Diagnosis is a Winding Road; Finally Getting Somewhere!

forward thinking

Just like my refrigerator which has finally gone caput after intermittantly working and not, my body has persisted in giving signals which cannot be overlooked forever. Finally, finally there has been a break in the case! I received a call from the referral coordinator at Vanderbilt that I’d been accepted into their autonomic clinic. It came nearly 6 months after the GP I’d seen after leaving Emory had bungled things so badly and I’d nearly lost all hope of ever getting help for my Dysautonomia. Thankfully the specialists there were able to see beyond all the bias and recognize a legitimate condition when they looked over my application and odd dysregulated blood pressure pattern and plethora of other body dysregulation symptoms. Despite the fact that the near syncope had again subsided by the time the call came enough of a pattern was emerging to make it to the next level. I have been assigned to the doctor I had hoped to see, one who understands that Dysautonomia isn’t all about blood pressure and isn’t merely in one body system. After all the time that had passed and no local neurologist yet to replace the two I lost it seemed almost a miracle.

Four Leaf Clover

Then, amidst the neurological symptoms have emerged yet another growing problem; the return of increased pain in bones and subluxation in joints I had last summer , only this time with some added and rather alarming features. When you wake up in the morning with your fingers bent back and touching the back of your hand in a way your hand is not supposed to bend, fingers locked up, elbows hyperextended, and at other times pinky on one or the other hand flaccid and hanging limply, you know it’s time to get some real answers.

Despite much trepidation I made an appointment with the GP who ran some preliminary bloodwork, then referred me to a Rheumatologist, a large, heavy-set man with a thick African accent. It took several tries to understand the questions he was asking me, not only because of his accent, but the wording of them was idiosyncratic and therefore the meaning was unclear.

There were some pros and some cons to this doctor. Initially he was unsure as to what was causing these symptoms; whether it was some sort of Arthritis, or whether it was something wrong with my tendons, or possibly caused by my Sarcoidosis, he was operating on some old information about how to diagnose certain conditions, and limited understanding of the systemic nature of the conditions while attempting to look at differentials.

He did a very abbreviated Beighton scale exam for Ehler’s Danlos, acknowledged the hyperextension in some joints such as elbows but stated he didn’t think I quite met criteria but that I “might have a variant of it” seemingly unaware that EDS is not merely 1 disease but has 15 or 16 types, but the tests he ordered at the end were a step in the right direction. He had some X-rays done of my hands, feet, and hips, and did uncover inflammation in both hands and both hips. As for where it was coming from; bone, joint, tendon, or all of the above, we don’t yet know, as they would need to do an MRI to pinpoint it more exactly. He had some bloodwork done related to Rheumatoid factor, and next will be ordering some genetic testing, something that is long overdue, and could answer some very important questions that other testing cannot.

If he orders testing for all possible conditions given the symptoms I’ve been having for the past year or two we’re bound to uncover at least some part of this mystery. I am operating at a distinct disadvantage being unable to know my family medical history.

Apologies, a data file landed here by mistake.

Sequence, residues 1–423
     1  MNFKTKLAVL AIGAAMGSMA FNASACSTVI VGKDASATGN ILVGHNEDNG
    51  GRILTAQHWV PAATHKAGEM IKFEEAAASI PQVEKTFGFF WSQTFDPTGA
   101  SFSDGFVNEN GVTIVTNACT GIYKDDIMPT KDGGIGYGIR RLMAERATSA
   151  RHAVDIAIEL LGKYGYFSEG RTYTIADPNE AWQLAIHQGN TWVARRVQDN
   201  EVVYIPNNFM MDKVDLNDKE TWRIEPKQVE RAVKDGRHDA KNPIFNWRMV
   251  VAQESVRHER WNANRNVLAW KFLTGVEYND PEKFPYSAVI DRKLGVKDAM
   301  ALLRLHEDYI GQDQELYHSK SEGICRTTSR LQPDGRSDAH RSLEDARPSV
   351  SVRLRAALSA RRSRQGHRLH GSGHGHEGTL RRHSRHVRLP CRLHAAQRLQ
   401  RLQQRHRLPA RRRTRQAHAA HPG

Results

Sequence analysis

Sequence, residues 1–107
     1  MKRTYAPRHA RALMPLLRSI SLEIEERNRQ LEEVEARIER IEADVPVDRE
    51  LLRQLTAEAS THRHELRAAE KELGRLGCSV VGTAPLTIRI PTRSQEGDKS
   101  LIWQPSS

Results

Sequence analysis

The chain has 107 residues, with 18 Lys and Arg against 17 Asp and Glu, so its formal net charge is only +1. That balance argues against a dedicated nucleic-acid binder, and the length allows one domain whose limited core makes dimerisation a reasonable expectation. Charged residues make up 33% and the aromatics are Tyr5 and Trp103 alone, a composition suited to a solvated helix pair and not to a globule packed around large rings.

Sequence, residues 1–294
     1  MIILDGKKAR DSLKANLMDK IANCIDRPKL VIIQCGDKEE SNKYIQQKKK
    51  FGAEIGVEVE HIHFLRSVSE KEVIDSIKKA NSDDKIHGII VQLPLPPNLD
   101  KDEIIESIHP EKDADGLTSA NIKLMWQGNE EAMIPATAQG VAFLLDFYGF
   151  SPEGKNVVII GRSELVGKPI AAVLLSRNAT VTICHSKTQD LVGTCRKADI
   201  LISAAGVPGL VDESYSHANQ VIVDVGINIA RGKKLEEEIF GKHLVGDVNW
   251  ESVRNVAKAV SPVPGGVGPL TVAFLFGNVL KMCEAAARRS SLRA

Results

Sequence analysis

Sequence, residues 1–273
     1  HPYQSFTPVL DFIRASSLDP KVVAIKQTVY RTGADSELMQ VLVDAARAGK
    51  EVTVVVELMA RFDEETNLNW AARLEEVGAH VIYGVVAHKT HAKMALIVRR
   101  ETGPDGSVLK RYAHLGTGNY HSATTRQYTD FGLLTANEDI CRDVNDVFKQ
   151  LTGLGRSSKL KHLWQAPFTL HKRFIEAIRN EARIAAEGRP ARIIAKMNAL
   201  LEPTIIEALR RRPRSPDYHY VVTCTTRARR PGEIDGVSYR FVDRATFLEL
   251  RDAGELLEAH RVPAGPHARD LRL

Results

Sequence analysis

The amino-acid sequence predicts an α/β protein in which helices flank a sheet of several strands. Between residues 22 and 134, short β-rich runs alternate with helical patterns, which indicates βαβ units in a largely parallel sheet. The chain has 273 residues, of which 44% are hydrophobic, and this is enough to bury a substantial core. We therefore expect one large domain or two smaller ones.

They really should do genetic testing on everyone who was adopted in which records are closed or non-existant, as it could save them years of agonizing other work-up which tells them relatively little about why they’re ill, and spare them the scorn and chiding inuendo that goes along with the lingering of unknowns. The common practice of assuming a patient is crazy or making it up after a certain unspecified period of time without answers needs to be abandoned in the dustbin of history, as it does nothing constructive in finding the real cause for one’s illness. Punishing the patient because they are ill and continue to be and doctors just can’t figure it out never meets standard of care and doesn’t afford that patient the dignity they deserve. Too often such an approach is tolerated in the field of medicine when it shouldn’t be. Not only does it open the door to apathy and a lack of empathy toward the patient by others who come after, causing one’s healthcare to stagnate for months or even years, but can set up a domino effect of cynicism toward that patient, often the precursor to relentless bullying and outright abuse, sealing their fate where timely diagnosis is critical to outcome.

Body Pain

Those of us who are chronically ill must keep on searching even when others have given up on us, left us for dead, and thrown in the towel as it is only we here alone with our body at 4 AM when we awaken with pain or other symptoms. None of the doctors or medical staff comes home and helps us with our daily lives.

Doctors continue to notice my Myoclonus during their exams, but I have not yet found a suitable Neurologist for that yet. Perhaps following the thread via Rheumatology will lead all paths to meet in the middle and when the time comes the right Neurologist will have an unbiased view of the bigger picture and will be less likely to just dismiss my abnormal movements simply because they are not happening all day everyday. The Keppra is controlling it quite a bit and at least I’m not up all night with it like I was before I was on that medication. I had to put off the appointment at the UF Movement Disorder clinic once again because I have no way to get there, as I don’t have a doctor to fill out the form so a non-profit can cover travel and lodging, and I hope the Rheumatologist will fill it out for my trip to Vanderbilt. I have about a month and a half to get that set up, as that visit is in early October. I definitely don’t need to miss that one, as there are people waiting in line to get in there and I don’t want to forfeit this opportunity.